Magnesium is an ‘intracellular cation’, it is magnesium within the cells that matters. Deficiency can arise from inadequate intake, excess loss or a shift from the intracellular to the extracellular space. There is no easy way to measure magnesium status, blood tests are of limited use. A low serum ionised Mg will indicate deficiency, but a normal result does not show sufficiency. Measuring Mg levels in erythrocytes (red blood cells) or lymphocytes (a type of white blood cell) can sometimes help but these tests are not definitive. The preferred option is a ‘magnesium loading test’: subjects are given oral magnesium and their clinical response or urinary Mg excretion assessed. Even this ‘gold standard’ test has limitations, if there is an intra to extra-cellular shift it will not show up.
Insufficient Dietary Intake
Sources of magnesium are whole grains, nuts and green vegetables including tomatoes (chlorophyll is a Mg based molecule). It makes sense to try supplementing, I use Mg Citrate, other forms are good but not Mg oxide or hydroxide which are poorly absorbed. It is safe to take oral magnesium but if you suffer from low blood pressure or kidney problems you must consult your doctor first. Supplementing should help but I suspect most IBS patients have other reasons for low magnesium status.
Bowel surgery can lead to malabsorption as can hyperthyroidism (an overactive thyroid).
Diarrhoea causes malabsorption and loss of electrolytes including Mg. I noticed when I had travellers’ diarrhoea a few years ago that after a couple of days, I started to suffer from abdominal bloating which resolved with magnesium supplementation. I believe this is a transient form of IBS. Magnesium salts are used as a treatment for constipation, e.g. Epson Salts (MgSO4) as they can cause osmotic diarrhoea. Paradoxically, my view is that diarrhoea should be treated with prudent doses of Mg, especially in cases of IBS with diarrhoea.
The likelihood of developing post infective functional bowel disease has been shown to depend upon the duration of diarrhoea rather than the severity of the infection. This is consistent with a process of gradual magnesium depletion. Thus, this variant of IBS may simply be a reversible consequence of diarrhoea. Whilst restoring magnesium levels will address the cause of the diarrhoea, we can anticipate a reduction in, or elimination of, IBS symptoms such as abdominal bloating and pain.
The kidneys help regulate magnesium levels in the blood. Kidney disease, uncontrolled diabetes, hyperthyroidism, hyperparathyroidism, hyperaldosteronism and use of loop or thiazide diuretics all cause loss of Mg. Caffeine and alcohol also increase renal loss and are known to trigger IBS attacks.
Low vitamin D causes malabsorption whereas high levels increase renal loss of vitamin D. It’s a long time ago (1998) but I found that taking twice the RDA amount of vitamin D was best for me, I don’t know what my vitamin D levels were at the time.
Hypothyroidism causes a shift from the intracellular to the extracellular space which increases blood Mg levels a bit and so increases renal loss leading to a net deficit. These low intracellular levels can’t be measured in practice. This was the cause of my IBS, as described in the Hypothyroidism section.
Stress (physical or emotional) acts on the adrenals releasing hormones that cause a shift from the intra to the extra-cellular space and promotes renal loss. Conversely magnesium deficit creates a state of hyper-susceptibility to stress. Thus, magnesium deficit and stress reinforce each other in a pathogenic vicious circle.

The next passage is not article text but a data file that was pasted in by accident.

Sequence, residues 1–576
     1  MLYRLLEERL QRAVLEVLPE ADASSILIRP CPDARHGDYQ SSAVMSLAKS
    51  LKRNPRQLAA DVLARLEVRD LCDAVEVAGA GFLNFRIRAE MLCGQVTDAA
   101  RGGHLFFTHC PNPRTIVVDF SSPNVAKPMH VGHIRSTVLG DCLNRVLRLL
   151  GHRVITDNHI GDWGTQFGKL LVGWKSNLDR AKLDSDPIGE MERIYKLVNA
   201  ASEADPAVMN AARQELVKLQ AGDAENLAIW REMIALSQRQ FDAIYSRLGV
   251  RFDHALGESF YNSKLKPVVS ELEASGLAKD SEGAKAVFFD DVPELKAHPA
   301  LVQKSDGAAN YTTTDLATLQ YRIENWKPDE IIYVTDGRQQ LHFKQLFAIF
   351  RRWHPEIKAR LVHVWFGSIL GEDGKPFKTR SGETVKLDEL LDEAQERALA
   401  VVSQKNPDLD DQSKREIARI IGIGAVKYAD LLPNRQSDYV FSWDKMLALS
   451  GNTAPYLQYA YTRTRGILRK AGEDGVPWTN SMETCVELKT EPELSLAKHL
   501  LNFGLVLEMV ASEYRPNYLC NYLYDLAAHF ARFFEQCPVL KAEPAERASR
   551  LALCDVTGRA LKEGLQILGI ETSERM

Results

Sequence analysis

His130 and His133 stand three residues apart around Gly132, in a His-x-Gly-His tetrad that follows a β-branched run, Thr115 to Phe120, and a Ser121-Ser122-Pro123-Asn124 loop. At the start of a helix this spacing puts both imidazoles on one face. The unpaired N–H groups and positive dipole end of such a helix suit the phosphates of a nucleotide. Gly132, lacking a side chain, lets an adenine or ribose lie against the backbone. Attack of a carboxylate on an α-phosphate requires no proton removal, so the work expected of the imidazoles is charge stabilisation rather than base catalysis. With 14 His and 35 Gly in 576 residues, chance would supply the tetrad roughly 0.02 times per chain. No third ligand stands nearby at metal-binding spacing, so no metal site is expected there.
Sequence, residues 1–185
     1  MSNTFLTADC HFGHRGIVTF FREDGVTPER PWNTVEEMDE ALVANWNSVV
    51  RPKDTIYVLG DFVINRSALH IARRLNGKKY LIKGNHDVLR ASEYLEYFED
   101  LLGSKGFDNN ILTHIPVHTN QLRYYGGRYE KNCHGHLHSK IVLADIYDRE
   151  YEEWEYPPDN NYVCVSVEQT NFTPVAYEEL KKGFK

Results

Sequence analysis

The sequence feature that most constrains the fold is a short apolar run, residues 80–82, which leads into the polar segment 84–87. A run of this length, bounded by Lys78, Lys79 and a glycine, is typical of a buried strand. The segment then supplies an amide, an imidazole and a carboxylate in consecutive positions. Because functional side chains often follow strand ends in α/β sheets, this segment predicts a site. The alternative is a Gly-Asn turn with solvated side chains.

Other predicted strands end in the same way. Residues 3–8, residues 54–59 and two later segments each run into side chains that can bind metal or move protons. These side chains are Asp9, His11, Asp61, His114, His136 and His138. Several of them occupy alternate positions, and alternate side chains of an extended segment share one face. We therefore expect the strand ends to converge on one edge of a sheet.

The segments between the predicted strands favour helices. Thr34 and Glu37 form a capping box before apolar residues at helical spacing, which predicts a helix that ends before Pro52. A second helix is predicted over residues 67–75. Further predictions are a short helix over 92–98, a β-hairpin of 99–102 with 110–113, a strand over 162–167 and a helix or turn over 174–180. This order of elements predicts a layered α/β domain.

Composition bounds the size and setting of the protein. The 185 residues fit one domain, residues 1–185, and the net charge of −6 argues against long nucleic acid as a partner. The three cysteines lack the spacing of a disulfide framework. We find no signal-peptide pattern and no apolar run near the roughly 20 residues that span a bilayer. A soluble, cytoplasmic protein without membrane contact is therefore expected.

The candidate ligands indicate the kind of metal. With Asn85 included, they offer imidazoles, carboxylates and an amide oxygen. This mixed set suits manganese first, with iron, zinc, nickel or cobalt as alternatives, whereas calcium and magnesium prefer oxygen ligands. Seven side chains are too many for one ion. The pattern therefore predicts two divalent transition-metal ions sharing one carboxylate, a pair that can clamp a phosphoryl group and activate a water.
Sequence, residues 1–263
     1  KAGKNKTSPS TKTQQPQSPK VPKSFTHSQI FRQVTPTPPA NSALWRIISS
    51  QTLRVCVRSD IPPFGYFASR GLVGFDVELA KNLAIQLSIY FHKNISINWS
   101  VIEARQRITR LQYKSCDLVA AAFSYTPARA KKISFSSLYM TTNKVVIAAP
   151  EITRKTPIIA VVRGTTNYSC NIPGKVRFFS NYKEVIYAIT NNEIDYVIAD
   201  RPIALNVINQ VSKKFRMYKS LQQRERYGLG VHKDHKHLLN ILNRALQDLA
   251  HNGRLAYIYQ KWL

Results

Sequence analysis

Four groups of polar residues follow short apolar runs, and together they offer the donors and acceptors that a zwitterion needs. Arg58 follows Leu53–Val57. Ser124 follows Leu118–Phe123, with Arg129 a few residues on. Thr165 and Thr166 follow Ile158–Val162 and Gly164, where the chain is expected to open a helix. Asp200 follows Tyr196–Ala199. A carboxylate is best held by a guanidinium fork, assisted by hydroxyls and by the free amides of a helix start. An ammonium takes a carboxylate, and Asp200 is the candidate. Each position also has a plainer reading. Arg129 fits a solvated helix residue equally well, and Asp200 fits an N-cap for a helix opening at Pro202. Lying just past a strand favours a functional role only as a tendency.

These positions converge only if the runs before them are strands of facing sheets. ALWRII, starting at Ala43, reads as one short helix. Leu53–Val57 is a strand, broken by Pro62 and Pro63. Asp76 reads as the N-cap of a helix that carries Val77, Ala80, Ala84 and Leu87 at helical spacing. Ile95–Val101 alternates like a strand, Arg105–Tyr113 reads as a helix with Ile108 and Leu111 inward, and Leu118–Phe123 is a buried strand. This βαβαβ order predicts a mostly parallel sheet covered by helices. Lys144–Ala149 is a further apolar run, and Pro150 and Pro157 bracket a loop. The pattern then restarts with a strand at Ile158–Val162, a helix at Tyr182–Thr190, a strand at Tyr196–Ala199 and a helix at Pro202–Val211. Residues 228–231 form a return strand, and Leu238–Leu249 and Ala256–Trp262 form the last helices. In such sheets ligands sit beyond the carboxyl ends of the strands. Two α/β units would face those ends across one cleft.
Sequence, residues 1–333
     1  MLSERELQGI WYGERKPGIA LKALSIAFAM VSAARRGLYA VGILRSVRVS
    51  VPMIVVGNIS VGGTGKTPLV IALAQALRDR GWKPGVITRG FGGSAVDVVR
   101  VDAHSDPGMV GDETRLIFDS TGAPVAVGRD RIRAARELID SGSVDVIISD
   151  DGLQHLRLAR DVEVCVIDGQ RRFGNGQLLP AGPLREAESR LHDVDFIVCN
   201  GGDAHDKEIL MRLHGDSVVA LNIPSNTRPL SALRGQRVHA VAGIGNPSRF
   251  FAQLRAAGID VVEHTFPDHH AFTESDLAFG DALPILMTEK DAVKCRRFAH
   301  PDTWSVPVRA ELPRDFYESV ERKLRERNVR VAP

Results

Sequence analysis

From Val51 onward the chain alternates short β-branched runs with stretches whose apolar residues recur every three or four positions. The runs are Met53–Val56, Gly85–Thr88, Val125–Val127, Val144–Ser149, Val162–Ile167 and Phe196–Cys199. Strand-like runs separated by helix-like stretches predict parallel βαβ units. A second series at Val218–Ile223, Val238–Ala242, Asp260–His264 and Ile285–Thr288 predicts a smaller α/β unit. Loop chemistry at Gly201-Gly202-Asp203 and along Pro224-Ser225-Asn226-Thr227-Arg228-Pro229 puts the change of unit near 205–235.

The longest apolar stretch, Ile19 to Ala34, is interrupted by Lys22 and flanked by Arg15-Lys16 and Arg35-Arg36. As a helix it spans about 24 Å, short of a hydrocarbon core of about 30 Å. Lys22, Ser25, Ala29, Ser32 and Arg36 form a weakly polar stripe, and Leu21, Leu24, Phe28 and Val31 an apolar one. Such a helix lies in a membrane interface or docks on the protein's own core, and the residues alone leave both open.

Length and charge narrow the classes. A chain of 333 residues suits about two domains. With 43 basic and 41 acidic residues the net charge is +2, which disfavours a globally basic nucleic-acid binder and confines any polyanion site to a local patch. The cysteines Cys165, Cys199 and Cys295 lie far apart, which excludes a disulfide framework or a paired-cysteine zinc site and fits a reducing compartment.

Personality Type A subjects are more sensitive to stress and produce more stress hormones than type B subjects; hence the magnesium loss originating from stress occurs mainly in type A subjects. We can therefore expect this form of magnesium deficiency to predominate in type A individuals, they will also exhibit enhanced stress responses because of their magnesium deficiency. This sort of enhanced stress response is seen in IBS patients.
A research project carried out by a team including IBS Network’s Christine Dancey showed that IBS symptoms worsened not just during, but to a greater extent two days after stressful events. This is consistent with the process of magnesium loss due to stress and is unlikely to be due to a direct psychological response. Another study shows a very strong link between IBS severity and long-term stress, consistent with gradual loss of magnesium due to stress.
The Cause of My IBS
My IBS came on gradually, intermittent at first and then regular. I carried out extensive research for many years, lots of ideas were wrong. Eventually I discovered the role of magnesium deficiency. I systematically excluded all the possible causes one by one, this included measuring hormones that affect magnesium status. Non-IBS symptoms like fatigue, constant yawning and poor working memory pointed to hypothyroidism but the very helpful endocrinologist I saw said I couldn’t be hypothyroid: ‘because the blood tests say so‘. I investigated further and found that patients do indeed become hypothyroid with ‘normal’ blood test results. I made an appointment with Dr Skinner and he told me he thought I might be hypothyroid, based on my clinical signs and symptoms. We trialled a small dose of levothyroxine and I started to respond. Note that my IBS came on long before my more severe signs and symptoms of hypothyroidism.
Within two weeks of initiating levothyroxine my IBS had completely resolved. I worked in computing and we used to carry out ‘stress tests’ on our systems. My IBS was always triggered by hot-cross buns from the local bakery. For two weeks I ate two or three every day – I could not trigger an IBS attack.
The origins of my hypothyroidism were complex, it took fifteen years to identify the ‘aetiology’, the underlying cause. This is detailed in the section ‘Acquired Resistance to Thyroid Hormone (ARTH)‘ under the Hypothyroidism tab.